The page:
Leviathan’s Deep, Jayge Carr (1979)
Review by Ian Sales
Jayge Carr was a pseudonym of Margery Krueger, who, between 1976 and her death in 2006, had published four genre novels and some fifty short stories. The SF Encyclopedia describes her as “not the most inventive of recent writers” but her fiction as “solidly crafted, well characterised and readable”, which is very much damning with faint praise. It was because of Carr’s story, ‘Webrider’, in Women of Wonder: The Contemporary Years that I tracked down a copy of Carr’s debut novel Leviathan’s Deep…
And having now read it, I’m not inclined to disagree with the SF Encyclopedia’s characterisation of her work.
Which is not to say Leviathan’s Deep is bad. On the contrary, it’s a mostly interesting science fiction novel, and if it fails it’s not for lack of trying. The Kimassu Lady is a Delyene, a native of the water-world Delyafam. The Delyenes are amphibian humanoids and mostly resemble humans – except for their bright orange skin, lack of head or body hair, and having no navel. The Kimassu Lady, however, is a freak, and has pale colourless skin, which actually makes her beautiful by human standards. Though the cover art depicts Kimassu with breasts, no mention is made of them in the novel – and you’d have to wonder why amphibian humans would even require them. The Delyene society is matriarchal, with females more intelligent and much longer-lived, but far less numerous, than the males. Each female has a household of males, which they treat like chattel and will sexually prey upon. Kimassu is a torturer by profession and an expert on the Terrans who visit Delyafam and trade with the Delyene. The humans have imperialist designs on the planet, but are surprised at the Delyenes’ rejection of their longevity drug, which they have successfully pushed on other planets and subsequently brought the populations under their control.
The Kimassu Lady finds herself intrigued by a human male, Neill, who was caught in the forbidden precincts of the Goddess’s temple and brought to her for punishment. She chooses instead to learn more about humans from him, though this brings her and her noblelady sponsor into conflict with an anti-human noblelady. Kimassu hides Neill on a desert island, but is then captured by Admiral Gorky, who, it transpires, wants Neill, as the man is an agent of a rival interstellar empire. Kimassu is tortured, but Gorky falls in love with her and tries to make her his mate – and so Kimassu learns about human females and their treatment at the hands of their males.
It’s there that Leviathan’s Deep is at its least successful. The Delyene and their society are protrayed as the inverse of human society, but it’s a human society which has not existed for many decades. There are no female human characters in the novel because, it is implied, they are very much second-class citizens. It’s all very well commenting on gender roles in society through inventing a society in which the roles are reversed, but as commentary it’s only going to suceed if the original model is recognisable. This is further not helped by the human characters in the novel talking like the cast of a 1940s science fiction story – and Neill especially sounds like a clichéd Irish rogue from a bad Star Trek episode.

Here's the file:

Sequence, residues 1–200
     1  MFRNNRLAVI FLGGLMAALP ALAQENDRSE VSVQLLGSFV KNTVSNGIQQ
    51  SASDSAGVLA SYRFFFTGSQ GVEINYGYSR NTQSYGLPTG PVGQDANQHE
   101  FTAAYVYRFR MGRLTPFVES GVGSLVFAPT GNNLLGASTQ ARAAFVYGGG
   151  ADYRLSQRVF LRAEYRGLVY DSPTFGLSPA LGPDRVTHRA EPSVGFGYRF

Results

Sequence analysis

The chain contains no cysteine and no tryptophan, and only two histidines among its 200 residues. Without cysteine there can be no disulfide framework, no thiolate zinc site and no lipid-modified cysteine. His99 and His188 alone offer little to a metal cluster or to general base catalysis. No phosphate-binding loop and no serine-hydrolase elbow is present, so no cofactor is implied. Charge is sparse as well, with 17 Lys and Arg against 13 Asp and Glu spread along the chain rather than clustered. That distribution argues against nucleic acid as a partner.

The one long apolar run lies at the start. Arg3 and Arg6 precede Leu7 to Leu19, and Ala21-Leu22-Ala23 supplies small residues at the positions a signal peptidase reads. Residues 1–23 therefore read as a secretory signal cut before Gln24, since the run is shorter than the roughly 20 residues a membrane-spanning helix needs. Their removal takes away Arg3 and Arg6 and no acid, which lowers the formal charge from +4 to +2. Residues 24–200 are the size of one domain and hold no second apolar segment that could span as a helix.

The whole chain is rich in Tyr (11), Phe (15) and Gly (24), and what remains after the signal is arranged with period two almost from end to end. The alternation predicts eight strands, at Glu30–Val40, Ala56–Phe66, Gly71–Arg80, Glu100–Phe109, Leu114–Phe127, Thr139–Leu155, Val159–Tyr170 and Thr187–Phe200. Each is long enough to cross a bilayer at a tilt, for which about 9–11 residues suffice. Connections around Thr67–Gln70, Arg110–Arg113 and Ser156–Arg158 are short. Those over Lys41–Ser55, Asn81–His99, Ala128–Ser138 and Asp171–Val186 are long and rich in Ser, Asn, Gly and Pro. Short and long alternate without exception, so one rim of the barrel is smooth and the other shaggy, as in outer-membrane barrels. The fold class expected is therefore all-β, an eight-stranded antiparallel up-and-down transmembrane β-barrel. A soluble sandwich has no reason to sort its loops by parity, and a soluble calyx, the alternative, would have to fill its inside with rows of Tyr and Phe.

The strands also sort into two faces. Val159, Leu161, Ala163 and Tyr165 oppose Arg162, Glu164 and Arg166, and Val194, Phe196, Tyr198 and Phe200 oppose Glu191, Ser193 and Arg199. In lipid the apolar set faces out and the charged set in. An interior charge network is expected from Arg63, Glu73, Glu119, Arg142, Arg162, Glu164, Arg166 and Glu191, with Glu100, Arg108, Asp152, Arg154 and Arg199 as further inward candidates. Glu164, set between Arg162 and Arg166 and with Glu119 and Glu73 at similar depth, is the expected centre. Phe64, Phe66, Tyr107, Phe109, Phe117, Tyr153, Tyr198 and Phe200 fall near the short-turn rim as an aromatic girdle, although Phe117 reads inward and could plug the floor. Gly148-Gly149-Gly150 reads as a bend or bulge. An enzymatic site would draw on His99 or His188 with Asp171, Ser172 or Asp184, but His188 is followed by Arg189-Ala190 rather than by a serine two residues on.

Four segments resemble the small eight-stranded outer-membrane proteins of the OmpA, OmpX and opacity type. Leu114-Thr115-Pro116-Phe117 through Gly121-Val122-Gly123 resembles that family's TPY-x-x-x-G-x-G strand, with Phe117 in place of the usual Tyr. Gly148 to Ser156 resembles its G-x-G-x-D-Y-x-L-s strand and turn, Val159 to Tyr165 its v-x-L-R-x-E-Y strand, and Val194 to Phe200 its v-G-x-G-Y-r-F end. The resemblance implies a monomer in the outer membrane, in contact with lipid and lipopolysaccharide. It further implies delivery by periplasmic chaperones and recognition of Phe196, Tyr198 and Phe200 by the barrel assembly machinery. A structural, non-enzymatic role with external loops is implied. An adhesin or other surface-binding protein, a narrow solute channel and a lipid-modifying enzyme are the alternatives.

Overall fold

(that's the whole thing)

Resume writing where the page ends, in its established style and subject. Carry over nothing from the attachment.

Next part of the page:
There are other problems. Shortly after Kimassu and Neill arrive on the desert island, he tries to rape her. He fails because while Delyene females are sufficiently biologically similar to human females to permit intercourse, they’re different enough in that they can choose to prevent sex. In fact, on Delyene rape is perpetrated by females on the males. Rape should never be treated lightly, and Kimassu’s offhand dismissal of Neill’s attempt, not to mention her own boasts of raping Delyene males, seriously undercuts the impact of any commentary the reversal might be trying to make. Later, Kimassu learns from Neill the advantages of an intelligent male, a male who can be a companion as well as a sex partner, and while she’s in no way redeemed by her love of a good man, the relationship does drift dangerously close to cliché. Happily, the plot then takes an abrupt turn and moves quickly away from any incipient mawkishness.
Leviathan’s Deep is told entirely in Kimassu’s voice, which Carr handles well. Kimassu is herself an interesting character and, while not entirely plausible, makes for an unusual perspective on what is pretty much a typical “noble savage turns tables on technological imperialists” story, a plot that is far from uncommon in science fiction. During Gorky’s imprisonment and enforced domesticity of Kimassu, she plays an innocent abroad, though the naivete often feels forced, and the episode seems slightly off since prior to it Kimassu had been brutally tortured by one of Gorky’s minions.
It seems to me that women sf writers are far better at writing alien points of view than male sf writers. Many have made a career of it, such as CJ Cherryh. Leviathan’s Deep fits well within that tradition, and like most such sf novels its alien voice is drawn with skill. However, it’s in the psychology of the human cast that Leviathan’s Deep chiefly disappoints. To be fair, it’s not an area in which science fiction as a genre has a very good record, so it seems somewhat churlish to complain about that aspect. In fact, but for the strangely old-fashioned feel to the human characters, Leviathan’s Deep would be a novel easy to damn with faint praise. Which is a shame, as it is indeed “solidly crafted, [mostly] well characterised and readable”.